At the front of the new studio is a large gallery with the fruits of the students' labor displayed on four walls. The quality of the work gives no apparent clue to the developmental challenges of the artists.

Paintings of flowers, comic figures and common household objects are done in modern, often abstract, designs in eye-catching colors. Strands of ceramic beads are draped over small stands on the gallery tables. Nearby are ceramic platters, plates and bowls and other personal ornaments such as rings.

Prices are affixed to all art pieces.

"We try to determine the price by how much time the student invested in the work and the appearance of the finished project," Ault said.

The artists receive 60 percent of the proceeds of their sales; the rest goes to purchasing new supplies.

Ault also has promoted the artwork beyond the walls of the gallery.

"We participate in all activities here in Safety Harbor," she said, including Kiwanis events, the popular wine festival and Third Friday, a monthly city festival featuring music, vendors, food and art.

Ault said she has found her work with Harborside Studios particularly gratifying.

"The biggest reward is walking in the door in the morning and knowing the difference art makes in their lives," she said of the students. "Over time, their attitudes and personalities have become more positive and relationships have blossomed."

Hershman said he has gained insights into the nature of both art and artist.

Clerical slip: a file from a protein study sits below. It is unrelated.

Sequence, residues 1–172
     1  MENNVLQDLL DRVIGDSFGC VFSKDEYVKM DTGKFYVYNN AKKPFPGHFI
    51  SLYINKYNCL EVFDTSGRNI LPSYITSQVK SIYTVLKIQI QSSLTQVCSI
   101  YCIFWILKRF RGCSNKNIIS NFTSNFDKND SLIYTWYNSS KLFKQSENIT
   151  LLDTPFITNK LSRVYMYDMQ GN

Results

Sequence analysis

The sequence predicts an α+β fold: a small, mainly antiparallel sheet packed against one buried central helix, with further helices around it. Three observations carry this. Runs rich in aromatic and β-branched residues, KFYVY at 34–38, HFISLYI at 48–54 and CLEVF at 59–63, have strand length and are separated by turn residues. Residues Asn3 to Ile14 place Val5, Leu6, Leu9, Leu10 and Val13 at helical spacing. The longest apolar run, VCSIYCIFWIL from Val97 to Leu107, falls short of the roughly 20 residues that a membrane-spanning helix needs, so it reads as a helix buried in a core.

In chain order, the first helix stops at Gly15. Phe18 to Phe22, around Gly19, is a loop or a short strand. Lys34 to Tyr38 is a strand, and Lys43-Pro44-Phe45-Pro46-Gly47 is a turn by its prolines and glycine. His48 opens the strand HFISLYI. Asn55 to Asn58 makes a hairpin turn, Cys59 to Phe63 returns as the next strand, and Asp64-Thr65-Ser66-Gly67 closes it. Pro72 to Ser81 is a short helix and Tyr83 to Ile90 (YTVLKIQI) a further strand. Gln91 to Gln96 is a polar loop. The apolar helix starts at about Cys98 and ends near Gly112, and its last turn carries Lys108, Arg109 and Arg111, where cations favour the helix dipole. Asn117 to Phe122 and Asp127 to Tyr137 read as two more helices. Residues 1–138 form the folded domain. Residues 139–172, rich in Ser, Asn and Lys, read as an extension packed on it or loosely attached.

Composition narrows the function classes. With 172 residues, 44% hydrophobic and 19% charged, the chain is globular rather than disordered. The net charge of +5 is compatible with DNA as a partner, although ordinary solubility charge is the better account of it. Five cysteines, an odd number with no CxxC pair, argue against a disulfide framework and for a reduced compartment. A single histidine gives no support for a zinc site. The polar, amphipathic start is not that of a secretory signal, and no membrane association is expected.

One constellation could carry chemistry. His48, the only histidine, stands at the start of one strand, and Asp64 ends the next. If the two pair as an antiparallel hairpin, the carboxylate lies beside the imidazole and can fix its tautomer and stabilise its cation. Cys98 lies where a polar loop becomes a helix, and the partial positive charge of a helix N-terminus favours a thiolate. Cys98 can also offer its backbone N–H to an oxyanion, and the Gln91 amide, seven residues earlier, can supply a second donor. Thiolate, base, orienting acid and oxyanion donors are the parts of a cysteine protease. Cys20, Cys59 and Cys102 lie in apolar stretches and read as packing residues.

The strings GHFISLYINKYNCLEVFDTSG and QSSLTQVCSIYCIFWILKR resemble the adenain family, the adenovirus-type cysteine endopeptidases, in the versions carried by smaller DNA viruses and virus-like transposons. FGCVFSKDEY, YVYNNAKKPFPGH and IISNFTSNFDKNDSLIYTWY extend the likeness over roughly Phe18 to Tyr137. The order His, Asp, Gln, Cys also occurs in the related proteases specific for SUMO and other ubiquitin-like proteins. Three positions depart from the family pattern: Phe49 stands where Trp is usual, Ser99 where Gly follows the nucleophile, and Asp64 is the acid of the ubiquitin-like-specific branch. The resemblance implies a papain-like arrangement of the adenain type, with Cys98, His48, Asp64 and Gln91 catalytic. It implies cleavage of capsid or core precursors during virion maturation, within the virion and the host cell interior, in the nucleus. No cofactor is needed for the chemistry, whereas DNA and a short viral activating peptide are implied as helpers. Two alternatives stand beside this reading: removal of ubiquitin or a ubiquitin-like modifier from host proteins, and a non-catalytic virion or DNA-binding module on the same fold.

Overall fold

"This art challenges people's preconceived notions about people with disabilities," he said. "It reminds me that you can't limit people."

Correspondent Elaine Markowitz can be reached at [email protected]

     
Comments
Sports Day Tampa Bay podcast: John Clayton breaks down the NFL draft

Sports Day Tampa Bay podcast: John Clayton breaks down the NFL draft

It's NFL draft day. John Clayton joins Rick Stroud to talk about how many quarterbacks will go early and who the Bucs will take with the seventh overall pick, considering their obvious needs on defense.Plus, the Lightning will face the Boston Br...
Updated: 24 minutes ago
Forecast: Abundant sunshine, low humidity make for ideal weekend in Tampa Bay

Forecast: Abundant sunshine, low humidity make for ideal weekend in Tampa Bay

Folks around Tampa Bay won’t have many excuses to stay indoors this weekend.It’s going to be a bright weekend with sparse cloud cover, resonably comfortable temperatures and plenty of sunshine, according to the National Weather Service.Temperatures o...
Updated: 1 hour ago
Suspect identified in string of carjackings from Orlando to Plant City

Suspect identified in string of carjackings from Orlando to Plant City

PLANT CITY — The Hillsborough County Sheriff’s Office has identified the suspect in a string of carjackings from Orlando to Plant City.Deputies are searching for Majar L. Jones, 43, of Orlando.Jones may still be in a stolen 2002 green Ford F-150 with...
Updated: 2 hours ago